Published on in Vol 4, No 1 (2017): Jan-Mar

Virtual Reality for Management of Pain in Hospitalized Patients: Results of a Controlled Trial

Virtual Reality for Management of Pain in Hospitalized Patients: Results of a Controlled Trial

Virtual Reality for Management of Pain in Hospitalized Patients: Results of a Controlled Trial

Original Paper

Corresponding Author:

Brennan Spiegel, MSHS, MD

Cedars-Sinai Medical Center

Health Services Research

8700 Beverly Blvd

Los Angeles,CA, CA, 90048

United States

Phone: 1 310 423 6239

Fax:1 310 423 1802


Background: Improvements in software and design and reduction in cost have made virtual reality (VR) a practical tool for immersive, three-dimensional (3D), multisensory experiences that distract patients from painful stimuli.

Objective: The objective of the study was to measure the impact of a onetime 3D VR intervention versus a two-dimensional (2D) distraction video for pain in hospitalized patients.

Methods: We conducted a comparative cohort study in a large, urban teaching hospital in medical inpatients with an average pain score of ≥3/10 from any cause. Patients with nausea, vomiting, dementia, motion sickness, stroke, seizure, and epilepsy and those placed in isolation were excluded. Patients in the intervention cohort viewed a 3D VR experience designed to reduce pain using the Samsung Gear Oculus VR headset; control patients viewed a high-definition, 2D nature video on a 14-inch bedside screen. Pre- and postintervention pain scores were recorded. Difference-in-difference scores and the proportion achieving a half standard deviation pain response were compared between groups.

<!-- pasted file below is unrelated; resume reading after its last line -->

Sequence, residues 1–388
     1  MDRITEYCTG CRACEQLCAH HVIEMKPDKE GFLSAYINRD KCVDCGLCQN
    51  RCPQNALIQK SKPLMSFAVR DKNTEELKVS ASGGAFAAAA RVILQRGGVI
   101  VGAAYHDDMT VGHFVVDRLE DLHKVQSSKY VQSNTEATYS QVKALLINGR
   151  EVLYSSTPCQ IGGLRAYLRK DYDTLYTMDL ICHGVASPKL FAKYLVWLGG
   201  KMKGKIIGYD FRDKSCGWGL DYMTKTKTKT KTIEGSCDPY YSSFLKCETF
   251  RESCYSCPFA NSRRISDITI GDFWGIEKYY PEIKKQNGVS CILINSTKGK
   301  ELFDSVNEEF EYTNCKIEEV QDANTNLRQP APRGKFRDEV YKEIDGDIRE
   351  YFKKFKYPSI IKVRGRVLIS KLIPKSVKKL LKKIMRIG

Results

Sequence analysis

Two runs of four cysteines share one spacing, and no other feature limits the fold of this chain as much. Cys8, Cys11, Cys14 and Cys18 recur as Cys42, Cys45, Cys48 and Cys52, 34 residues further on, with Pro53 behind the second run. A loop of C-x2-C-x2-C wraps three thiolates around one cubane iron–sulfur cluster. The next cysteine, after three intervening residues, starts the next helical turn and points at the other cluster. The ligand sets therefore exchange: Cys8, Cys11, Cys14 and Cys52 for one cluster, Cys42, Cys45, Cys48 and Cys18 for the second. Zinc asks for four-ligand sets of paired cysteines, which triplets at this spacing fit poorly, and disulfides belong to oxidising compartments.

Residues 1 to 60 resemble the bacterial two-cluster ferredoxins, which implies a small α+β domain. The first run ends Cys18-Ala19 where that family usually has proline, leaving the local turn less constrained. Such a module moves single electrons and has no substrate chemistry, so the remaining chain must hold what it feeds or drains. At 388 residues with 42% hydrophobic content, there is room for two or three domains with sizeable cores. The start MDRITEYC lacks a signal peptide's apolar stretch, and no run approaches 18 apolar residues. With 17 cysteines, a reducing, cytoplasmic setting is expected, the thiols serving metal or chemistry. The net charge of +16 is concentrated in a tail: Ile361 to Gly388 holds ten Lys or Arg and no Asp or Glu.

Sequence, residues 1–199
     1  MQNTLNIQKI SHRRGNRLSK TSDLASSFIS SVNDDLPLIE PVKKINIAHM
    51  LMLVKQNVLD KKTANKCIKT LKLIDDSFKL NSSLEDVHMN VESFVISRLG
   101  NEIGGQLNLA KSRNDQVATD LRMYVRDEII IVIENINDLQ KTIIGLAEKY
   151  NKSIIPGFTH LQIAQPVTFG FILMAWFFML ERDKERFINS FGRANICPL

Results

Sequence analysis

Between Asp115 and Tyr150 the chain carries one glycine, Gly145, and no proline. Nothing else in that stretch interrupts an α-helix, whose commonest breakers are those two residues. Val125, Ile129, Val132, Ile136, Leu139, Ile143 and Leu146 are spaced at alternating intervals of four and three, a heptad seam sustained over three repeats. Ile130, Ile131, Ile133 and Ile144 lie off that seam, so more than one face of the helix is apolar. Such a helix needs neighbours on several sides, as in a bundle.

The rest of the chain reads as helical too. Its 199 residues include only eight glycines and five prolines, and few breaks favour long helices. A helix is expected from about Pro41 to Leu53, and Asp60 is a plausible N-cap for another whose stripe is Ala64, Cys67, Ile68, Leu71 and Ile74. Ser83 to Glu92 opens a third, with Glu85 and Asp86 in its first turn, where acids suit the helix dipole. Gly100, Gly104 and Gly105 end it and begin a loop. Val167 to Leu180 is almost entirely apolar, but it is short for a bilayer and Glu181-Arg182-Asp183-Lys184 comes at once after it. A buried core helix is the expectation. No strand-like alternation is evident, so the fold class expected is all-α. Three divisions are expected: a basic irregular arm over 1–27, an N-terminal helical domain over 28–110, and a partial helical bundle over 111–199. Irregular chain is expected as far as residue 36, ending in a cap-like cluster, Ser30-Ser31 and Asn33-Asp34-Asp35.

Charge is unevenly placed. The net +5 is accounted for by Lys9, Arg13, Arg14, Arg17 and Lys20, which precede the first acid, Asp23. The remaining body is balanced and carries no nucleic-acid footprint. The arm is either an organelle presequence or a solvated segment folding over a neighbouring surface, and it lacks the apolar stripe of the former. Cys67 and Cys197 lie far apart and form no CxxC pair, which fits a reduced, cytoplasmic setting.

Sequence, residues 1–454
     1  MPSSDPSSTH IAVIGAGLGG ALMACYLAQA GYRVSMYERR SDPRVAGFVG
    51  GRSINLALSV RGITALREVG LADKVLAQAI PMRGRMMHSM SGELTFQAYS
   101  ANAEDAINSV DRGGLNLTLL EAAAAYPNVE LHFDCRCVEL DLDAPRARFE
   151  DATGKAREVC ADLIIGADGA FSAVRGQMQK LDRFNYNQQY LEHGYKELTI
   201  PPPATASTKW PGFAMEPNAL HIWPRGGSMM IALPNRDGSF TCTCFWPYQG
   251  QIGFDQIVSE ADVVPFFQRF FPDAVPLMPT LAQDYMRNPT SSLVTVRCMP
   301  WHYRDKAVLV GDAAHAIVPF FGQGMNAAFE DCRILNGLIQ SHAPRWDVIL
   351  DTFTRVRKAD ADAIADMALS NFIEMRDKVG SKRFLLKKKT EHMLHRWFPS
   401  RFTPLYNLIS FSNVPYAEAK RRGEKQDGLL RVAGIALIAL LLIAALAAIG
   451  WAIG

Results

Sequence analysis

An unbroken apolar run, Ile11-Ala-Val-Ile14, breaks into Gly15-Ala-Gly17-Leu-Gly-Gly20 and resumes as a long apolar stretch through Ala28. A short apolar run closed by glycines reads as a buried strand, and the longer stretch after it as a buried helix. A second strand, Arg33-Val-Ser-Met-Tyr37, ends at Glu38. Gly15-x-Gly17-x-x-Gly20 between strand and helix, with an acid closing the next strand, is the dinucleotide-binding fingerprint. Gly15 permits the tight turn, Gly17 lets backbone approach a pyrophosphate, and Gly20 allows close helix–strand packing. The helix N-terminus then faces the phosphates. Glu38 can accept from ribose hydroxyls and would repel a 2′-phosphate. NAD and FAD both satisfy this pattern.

Results: There were 50 subjects per cohort (N=100). The mean pain reduction in the VR cohort was greater than in controls (−1.3 vs −0.6 points, respectively; P=.008). A total of 35 (65%) patients in the VR cohort achieved a pain response versus 40% of controls (P=.01; number needed to treat=4). No adverse events were reported from VR.

Conclusions: Use of VR in hospitalized patients significantly reduces pain versus a control distraction condition. These results indicate that VR is an effective and safe adjunctive therapy for pain management in the acute inpatient setting; future randomized trials should confirm benefit with different visualizations and exposure periods.

Trial Registration: NCT02456987; (Archived by WebCite at

JMIR Ment Health 2017;4(1):e9